The Manchurian Candidate was withdrawn from distribution by Frank Sinatra in 1972 (a state in which it remained for the next fifteen years), but that act was a business decision that had nothing to do with political events. Michael Schlesinger, the man responsible for the film's eventual re-release by MGM/UA Classics in 1988, explained in a 2008 letter to the Los Angeles Times why the movie had gone unseen for a fifteen-year period:
By late 1963, the film had simply played out. The original [distribution] deal was for 10 years, and it was, to put it charitably, not a very good one. When the time came to renew in 1972, Sinatra's attorneys opted to take the movie back and bury their "mistake" [of having accepted the original deal].
And so it remained "lost" until 1987, when the New York Film Festival requested it for its 25th anniversary. By then, Sinatra had new attorneys with no ax to grind and they consented [to release the film]. The reaction was so overwhelming that MGM/UA immediately struck a new — and much fairer — deal to reacquire the rights. We opened the film in February 1988 to fabulous reviews and tremendous business, and it has stayed available for theaters, TV and home entertainment ever since. But it was never "withdrawn" prior to 1972.
A 1988 New York Times article about the (surprisingly successful) theatrical re-release of The Manchurian Candidate provided a little more background about the economic issues that led to the film's temporary withdrawal:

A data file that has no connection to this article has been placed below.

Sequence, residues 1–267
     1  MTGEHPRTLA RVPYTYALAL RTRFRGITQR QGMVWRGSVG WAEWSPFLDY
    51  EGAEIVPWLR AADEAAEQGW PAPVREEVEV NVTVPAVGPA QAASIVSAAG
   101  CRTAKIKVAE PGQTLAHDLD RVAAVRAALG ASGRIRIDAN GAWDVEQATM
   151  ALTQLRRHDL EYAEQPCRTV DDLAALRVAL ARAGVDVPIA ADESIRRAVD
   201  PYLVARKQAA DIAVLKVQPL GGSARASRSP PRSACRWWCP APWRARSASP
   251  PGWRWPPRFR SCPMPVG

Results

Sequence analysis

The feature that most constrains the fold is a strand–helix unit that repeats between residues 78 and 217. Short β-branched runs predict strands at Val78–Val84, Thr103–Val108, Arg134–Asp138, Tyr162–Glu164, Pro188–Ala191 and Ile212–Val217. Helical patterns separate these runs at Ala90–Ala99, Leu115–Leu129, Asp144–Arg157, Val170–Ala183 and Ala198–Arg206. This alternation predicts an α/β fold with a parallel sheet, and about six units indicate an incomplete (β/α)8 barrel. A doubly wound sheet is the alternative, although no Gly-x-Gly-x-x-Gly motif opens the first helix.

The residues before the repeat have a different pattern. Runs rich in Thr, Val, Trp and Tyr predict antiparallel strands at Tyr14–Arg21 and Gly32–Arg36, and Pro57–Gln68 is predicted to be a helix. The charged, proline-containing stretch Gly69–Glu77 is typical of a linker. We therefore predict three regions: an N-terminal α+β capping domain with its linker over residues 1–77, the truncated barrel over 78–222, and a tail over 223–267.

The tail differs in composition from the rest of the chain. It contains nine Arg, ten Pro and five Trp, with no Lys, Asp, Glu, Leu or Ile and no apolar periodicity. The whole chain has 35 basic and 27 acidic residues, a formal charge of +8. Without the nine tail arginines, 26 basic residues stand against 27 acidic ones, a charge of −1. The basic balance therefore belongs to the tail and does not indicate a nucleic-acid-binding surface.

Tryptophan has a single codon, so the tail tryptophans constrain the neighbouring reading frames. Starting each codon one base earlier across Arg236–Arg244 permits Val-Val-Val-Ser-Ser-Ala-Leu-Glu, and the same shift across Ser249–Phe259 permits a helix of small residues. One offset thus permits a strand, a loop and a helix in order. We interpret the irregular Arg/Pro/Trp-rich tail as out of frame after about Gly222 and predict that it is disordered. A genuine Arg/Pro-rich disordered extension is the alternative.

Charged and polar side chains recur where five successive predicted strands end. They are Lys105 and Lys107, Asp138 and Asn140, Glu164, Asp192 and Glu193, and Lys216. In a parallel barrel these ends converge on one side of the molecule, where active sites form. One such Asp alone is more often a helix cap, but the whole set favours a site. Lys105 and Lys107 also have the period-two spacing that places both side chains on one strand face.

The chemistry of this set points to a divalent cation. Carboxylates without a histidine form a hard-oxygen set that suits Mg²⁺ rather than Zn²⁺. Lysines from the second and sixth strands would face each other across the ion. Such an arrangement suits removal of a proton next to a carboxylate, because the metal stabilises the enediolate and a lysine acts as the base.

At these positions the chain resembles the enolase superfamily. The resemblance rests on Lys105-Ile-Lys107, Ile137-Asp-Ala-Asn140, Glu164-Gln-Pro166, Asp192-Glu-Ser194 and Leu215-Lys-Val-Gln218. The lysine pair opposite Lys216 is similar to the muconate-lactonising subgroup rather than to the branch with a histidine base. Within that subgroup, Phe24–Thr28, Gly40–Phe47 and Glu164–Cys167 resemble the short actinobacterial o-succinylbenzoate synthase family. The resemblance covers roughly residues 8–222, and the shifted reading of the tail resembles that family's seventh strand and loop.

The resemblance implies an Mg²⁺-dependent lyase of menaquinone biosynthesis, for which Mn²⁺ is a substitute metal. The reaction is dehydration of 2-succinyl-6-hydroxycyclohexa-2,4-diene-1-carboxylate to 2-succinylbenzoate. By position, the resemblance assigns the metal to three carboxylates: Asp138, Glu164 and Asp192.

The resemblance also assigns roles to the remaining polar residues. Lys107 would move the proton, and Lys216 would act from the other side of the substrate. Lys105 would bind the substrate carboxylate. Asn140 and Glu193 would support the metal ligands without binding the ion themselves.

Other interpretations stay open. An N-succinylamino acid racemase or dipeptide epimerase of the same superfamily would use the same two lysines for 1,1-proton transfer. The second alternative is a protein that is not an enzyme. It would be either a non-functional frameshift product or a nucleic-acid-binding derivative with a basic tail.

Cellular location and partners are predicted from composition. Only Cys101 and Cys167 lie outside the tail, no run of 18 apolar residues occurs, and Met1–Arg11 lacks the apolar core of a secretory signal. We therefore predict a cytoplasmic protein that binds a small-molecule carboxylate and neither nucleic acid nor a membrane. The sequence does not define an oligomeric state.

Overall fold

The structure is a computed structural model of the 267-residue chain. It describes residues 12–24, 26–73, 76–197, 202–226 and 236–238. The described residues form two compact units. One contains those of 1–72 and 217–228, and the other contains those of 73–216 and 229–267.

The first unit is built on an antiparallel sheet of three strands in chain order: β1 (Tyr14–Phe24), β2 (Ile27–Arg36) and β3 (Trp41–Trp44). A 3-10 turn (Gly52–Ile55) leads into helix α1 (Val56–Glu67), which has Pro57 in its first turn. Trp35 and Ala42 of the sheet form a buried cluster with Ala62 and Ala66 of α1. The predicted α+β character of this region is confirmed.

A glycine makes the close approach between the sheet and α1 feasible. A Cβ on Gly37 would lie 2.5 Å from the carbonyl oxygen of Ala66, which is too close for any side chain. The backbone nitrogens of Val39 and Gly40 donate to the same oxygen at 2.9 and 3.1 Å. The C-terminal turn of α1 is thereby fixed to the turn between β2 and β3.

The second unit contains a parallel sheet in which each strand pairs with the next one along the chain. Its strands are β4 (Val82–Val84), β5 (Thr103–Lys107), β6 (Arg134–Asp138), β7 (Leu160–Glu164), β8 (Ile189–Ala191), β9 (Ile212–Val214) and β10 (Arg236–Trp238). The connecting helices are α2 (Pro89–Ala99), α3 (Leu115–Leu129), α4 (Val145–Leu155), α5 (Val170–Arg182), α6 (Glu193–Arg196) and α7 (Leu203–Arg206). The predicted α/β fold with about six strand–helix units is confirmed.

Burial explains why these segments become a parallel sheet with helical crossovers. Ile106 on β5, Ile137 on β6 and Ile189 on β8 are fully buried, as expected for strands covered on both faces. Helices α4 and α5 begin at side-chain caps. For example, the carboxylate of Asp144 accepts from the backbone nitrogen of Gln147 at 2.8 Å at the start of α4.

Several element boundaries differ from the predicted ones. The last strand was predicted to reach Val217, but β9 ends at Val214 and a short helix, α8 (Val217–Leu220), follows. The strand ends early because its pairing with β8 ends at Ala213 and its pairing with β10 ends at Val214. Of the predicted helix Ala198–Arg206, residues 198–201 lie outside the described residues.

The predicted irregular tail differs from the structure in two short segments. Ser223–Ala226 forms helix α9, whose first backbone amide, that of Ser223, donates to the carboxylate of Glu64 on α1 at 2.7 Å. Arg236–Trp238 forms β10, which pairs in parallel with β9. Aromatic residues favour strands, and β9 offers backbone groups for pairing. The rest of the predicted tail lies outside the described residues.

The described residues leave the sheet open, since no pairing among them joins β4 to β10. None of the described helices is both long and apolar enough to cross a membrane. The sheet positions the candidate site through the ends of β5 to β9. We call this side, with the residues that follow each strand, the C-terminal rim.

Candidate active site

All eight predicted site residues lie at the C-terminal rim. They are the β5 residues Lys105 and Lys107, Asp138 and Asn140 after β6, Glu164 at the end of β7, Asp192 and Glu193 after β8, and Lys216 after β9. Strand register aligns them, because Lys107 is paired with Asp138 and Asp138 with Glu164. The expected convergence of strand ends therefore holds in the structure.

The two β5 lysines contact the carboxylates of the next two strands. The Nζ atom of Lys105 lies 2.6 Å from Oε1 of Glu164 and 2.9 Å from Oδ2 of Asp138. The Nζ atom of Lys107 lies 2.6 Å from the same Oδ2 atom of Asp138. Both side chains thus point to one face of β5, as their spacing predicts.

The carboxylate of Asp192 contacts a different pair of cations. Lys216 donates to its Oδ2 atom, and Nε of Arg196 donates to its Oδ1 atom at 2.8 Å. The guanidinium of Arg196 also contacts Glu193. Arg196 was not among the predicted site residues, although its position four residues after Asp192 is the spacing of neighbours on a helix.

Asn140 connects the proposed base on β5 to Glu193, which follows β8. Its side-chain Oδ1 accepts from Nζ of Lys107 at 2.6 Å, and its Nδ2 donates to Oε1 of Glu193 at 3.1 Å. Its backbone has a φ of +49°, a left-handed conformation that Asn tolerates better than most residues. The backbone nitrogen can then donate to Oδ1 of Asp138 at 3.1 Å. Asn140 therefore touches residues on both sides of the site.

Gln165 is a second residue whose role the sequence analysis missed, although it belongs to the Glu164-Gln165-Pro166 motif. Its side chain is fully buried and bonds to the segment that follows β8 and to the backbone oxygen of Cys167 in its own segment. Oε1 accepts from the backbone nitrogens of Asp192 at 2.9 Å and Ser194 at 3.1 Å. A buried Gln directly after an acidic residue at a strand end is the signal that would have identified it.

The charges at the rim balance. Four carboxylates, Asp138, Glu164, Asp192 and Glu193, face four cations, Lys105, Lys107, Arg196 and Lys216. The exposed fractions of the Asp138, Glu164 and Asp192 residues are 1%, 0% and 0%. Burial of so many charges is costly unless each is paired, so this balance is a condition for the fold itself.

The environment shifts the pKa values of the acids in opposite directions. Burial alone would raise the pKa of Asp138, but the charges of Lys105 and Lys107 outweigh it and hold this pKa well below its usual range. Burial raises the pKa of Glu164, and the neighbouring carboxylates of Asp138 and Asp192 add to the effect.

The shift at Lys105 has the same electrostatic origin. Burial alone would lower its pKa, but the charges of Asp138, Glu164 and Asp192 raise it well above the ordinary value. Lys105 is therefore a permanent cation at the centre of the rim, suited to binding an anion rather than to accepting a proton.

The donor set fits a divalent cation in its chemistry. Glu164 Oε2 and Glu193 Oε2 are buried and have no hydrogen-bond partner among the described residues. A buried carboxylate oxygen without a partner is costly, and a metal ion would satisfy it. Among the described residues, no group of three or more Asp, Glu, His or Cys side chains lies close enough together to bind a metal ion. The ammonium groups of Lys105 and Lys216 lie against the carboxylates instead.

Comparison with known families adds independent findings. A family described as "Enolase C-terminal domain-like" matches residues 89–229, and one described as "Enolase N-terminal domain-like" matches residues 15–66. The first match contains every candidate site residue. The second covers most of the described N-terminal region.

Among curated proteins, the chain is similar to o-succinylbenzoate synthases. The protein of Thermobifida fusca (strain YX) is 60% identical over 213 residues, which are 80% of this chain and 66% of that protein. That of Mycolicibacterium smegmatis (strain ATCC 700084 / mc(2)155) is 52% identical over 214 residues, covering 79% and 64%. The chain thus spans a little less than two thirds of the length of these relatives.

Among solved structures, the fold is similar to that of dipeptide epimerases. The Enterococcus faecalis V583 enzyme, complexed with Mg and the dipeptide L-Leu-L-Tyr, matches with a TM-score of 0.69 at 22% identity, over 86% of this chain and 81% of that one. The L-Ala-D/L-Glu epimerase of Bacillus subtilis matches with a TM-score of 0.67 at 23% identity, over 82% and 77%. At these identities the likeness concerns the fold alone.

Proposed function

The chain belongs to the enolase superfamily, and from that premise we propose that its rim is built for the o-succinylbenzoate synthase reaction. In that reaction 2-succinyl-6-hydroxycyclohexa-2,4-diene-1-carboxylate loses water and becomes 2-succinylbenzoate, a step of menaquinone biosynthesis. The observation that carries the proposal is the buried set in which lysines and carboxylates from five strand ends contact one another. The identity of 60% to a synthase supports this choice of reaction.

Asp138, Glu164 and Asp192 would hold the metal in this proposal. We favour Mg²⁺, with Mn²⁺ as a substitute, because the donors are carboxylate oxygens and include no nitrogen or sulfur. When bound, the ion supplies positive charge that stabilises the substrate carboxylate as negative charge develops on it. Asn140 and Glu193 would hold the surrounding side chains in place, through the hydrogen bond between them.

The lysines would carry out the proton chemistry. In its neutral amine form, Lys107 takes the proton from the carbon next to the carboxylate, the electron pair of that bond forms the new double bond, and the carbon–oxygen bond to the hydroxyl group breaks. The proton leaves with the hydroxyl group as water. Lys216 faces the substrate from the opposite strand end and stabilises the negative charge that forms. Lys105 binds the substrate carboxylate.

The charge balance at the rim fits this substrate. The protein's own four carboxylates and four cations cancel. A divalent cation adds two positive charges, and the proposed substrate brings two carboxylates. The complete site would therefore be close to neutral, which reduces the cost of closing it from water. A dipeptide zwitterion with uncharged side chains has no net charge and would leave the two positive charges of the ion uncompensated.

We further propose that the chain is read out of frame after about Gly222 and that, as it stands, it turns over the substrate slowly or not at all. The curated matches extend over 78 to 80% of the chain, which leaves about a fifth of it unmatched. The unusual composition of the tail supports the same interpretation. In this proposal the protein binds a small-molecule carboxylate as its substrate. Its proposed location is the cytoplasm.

According to Mr. Frankenheimer, the movie was listed on the studio's books at such a loss that any sales would profit the studio but not Mr. Sinatra,Mr. Axelrod and Mr. Frankenheimer, who were partners in the film. "There was no reason to enrich the coffers of U.A.," said Mr. Axelrod. So Mr. Sinatra, who shared control with the studio, blocked any use of the movie, Mr. Axelrod said.
There is a common misperception that "The Manchurian Candidate" was withdrawn because of the assassination of President Kennedy. But the President was killed a year after the movie failed to make a dent at the box office. Later it was seen briefly on television.
Suddenly, a film made several years before The Manchurian Candidate which also starred Frank Sinatra and involved a political assassination plot, was withdrawn from some local television airings at one time due to associations with the Kennedy assassination:
Sinatra is outstanding as the disgruntled war vet who hopes to become a "somebody" by killing the president. The parallels between his character and Lee Harvey Oswald's are too close for comfort, so much so that Suddenly was withdrawn from local TV packages for several years after the JFK assassination. Sinatra would claim in later years that he himself engineered the removal of Suddenly from general distribution, though in fact he'd lost whatever rights he'd held on the film when it lapsed into public domain.
Last updated: 25 February 2008
Harmetz, Aljean. "'Manchurian Candidate,' Old Failure, Is Now a Hit."
The New York Times. 24 February 1988.
Lim, Dennis. "DVD Set Puts 'Manchurian Candidate's' John Frankenheimer in Broader Focus."